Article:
Around Town

Team is hopeful Farmers’ Market can open

WESTFIELD-As a “new normal” for all of us will become more apparent in the coming months, organizers for the Westfield Farmers’ Market will also have to make several major adjustments.

“Under strict regulation, the market will be a source of food only, and will not allow non-essential items to be sold,” said Deborah Randzio, market manager. “The market will not be a social gathering space, but will be strictly a place for people to access the supply of food provided by our vendors.”

Randzio said her team of volunteers are proceeding under the assumption that the market will open May 28, however, they concede that may be a “little ambitious” given the current circumstances of COVID-19.

Deborah Randzio, who serves as manager of the Westfield Farmers’ Market, is hopeful the market will be able to open soon for the season. (ALBERT RANDZIO PHOTO)

Randzio said she has been attending webinars hosted by Community Involved in Sustaining Agriculture (CISA), based in South Deerfield, on how adjustments can be made to operate safely.

“We’re on a wait and see plan to know what kind of precautions or adjustments we’ll have to make when we do open to make sure that volunteers, vendors, and customers are all safe,” said Randzio.

Randzio noted that many of the recommendations involve purchasing supplies which are in short supply, including masks, gloves, hand sanitizer, sanitizing wipes or liquid soap.

The most important commodity is the need for volunteers – especially in light of how the pandemic has changed the way we live our lives and run our businesses and organizations.

“One concern is that most of our volunteers are over 60 and in the high risk age range,” said Randzio. “At least one volunteer has indicated she will not be volunteering this year because of the virus. So we’re trying to put out a call for more volunteers.”

Randzio stressed “the market will not open” unless she has enough volunteers to help with the tasks required to address new recommendations because of the pandemic that ensures the safety of volunteers, vendors and customers.

“Some markets have been open throughout all of this and have ideas about things we can do,” said Randzio. “CISA has been very supportive in trying to help us meet the goals of supporting local agriculture and provide access to food, especially for Supplemental Nutrition Assistance Program (SNAP) customers.”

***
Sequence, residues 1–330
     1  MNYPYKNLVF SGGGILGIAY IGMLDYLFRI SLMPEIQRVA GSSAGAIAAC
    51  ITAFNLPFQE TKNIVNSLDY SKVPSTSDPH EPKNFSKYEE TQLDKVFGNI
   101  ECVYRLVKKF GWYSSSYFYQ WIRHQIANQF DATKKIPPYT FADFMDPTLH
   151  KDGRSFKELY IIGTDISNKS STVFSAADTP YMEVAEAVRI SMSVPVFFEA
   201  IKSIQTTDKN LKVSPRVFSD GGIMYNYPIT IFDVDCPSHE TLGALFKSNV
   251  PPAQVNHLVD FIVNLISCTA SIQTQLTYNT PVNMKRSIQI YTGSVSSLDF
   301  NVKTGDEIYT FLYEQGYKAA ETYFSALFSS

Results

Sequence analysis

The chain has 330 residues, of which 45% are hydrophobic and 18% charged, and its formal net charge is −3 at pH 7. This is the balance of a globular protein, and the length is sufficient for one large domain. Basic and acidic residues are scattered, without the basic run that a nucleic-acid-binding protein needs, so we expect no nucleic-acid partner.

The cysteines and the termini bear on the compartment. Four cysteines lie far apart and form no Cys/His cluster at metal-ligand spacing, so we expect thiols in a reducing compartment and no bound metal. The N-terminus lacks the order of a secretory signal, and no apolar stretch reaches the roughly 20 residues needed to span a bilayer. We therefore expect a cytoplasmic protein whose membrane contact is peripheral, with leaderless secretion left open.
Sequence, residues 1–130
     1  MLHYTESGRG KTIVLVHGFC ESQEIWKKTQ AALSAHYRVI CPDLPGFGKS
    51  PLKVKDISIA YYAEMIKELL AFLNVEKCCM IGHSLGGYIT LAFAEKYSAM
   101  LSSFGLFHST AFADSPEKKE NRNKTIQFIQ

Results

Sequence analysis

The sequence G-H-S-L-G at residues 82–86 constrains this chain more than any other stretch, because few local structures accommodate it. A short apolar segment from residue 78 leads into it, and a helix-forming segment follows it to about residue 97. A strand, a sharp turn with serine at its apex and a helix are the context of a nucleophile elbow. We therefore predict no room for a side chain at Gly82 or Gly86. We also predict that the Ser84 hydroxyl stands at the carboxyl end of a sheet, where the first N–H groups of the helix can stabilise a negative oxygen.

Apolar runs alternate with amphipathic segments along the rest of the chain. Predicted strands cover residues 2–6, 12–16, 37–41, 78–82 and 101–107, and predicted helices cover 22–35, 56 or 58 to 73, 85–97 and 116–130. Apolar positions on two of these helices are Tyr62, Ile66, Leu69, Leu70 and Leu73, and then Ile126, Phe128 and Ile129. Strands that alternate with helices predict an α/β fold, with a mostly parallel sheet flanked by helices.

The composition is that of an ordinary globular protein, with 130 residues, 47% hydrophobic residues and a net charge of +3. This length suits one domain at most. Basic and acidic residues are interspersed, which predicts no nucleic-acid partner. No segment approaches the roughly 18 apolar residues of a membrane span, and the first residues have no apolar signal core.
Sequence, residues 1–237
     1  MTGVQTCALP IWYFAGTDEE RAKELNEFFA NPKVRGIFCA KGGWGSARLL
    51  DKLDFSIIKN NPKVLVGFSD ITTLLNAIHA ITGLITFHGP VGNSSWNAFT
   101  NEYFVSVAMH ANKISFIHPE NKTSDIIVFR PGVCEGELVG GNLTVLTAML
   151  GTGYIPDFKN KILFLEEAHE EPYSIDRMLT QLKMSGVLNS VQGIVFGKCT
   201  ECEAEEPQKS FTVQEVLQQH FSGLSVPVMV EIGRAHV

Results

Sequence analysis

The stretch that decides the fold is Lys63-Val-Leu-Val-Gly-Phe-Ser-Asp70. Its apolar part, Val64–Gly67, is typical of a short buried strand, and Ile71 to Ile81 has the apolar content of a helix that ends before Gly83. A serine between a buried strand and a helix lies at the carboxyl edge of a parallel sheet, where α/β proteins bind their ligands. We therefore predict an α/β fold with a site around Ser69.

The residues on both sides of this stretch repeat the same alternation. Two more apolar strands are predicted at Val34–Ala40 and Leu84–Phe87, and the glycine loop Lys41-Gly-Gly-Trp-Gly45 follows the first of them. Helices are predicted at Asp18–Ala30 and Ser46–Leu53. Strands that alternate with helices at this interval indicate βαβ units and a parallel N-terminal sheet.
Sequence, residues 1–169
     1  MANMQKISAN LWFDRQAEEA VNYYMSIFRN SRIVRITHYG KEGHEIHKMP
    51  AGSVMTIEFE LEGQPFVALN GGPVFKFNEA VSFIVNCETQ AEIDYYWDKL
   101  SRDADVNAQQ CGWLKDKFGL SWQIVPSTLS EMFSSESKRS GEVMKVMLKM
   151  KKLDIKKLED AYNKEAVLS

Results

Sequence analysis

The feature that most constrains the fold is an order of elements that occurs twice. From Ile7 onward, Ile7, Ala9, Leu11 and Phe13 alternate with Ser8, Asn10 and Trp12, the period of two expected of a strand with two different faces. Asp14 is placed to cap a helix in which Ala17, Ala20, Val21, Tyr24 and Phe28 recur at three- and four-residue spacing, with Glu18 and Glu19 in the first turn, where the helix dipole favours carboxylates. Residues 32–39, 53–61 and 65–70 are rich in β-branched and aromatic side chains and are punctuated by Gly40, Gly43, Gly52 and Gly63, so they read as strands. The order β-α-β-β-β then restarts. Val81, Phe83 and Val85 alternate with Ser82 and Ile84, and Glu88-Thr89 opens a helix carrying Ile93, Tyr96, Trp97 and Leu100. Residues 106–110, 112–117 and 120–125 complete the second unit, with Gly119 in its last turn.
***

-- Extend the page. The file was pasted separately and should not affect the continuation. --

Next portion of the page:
One idea that the management team has been considering “for a long time” is an online order, curbside pick up system, however, a volunteer is sought to “tackle” that project.

“It will be a project in and of itself, but I’m hoping maybe we will be able to put it in place if and when we need it,” said Randzio.

Committee members meet weekly on Zoom to continue discussing logistics and include Peter Langmore, assistant market manager, Maria Parent, treasurer, and Rachel Burke, Bern Toomey, Lisa Zlody, Donna Tatlock Calkins, Margo Halton, Mary Kadamoto, Becky and Evan Kreke, Bill Stroud, Joy Bunnell, and Judy Harvester.

Randzio also noted that vendor applications are coming in a few at a time and she still has openings.

“We have several vendors who have retired or moved, and quite a few new ones that seem pretty exciting,” said Randzio. “We’re up to 10 farms, five of which are new, so that’s exciting too.”

Randzio noted the “bottom line” at this time is the Episcopal Church of the Atonement is closed, under the direction of Bishop Douglas Fisher of the Episcopal Diocese of Western Massachusetts.

“We can’t open the market without access to the church because all of our equipment including SNAP coins and processing equipment is stored inside the building, not to mention access to water and restrooms,” said Randzio.

Also, the Westfield Health Department makes the final determination whether the market can open and under what conditions, according to Randzio.

“If the conditions are so restrictive that our volunteers and budget are unable to make the accommodations, or if we are unable to get the necessary sanitizing supplies, toilet paper, paper towels and wipes, then we might not be able to open,” said Randzio. “Our hope is that, if we cannot open on May 28, we will schedule a delayed opening at a later date.”

For more information on ways to get involved with the market, visit

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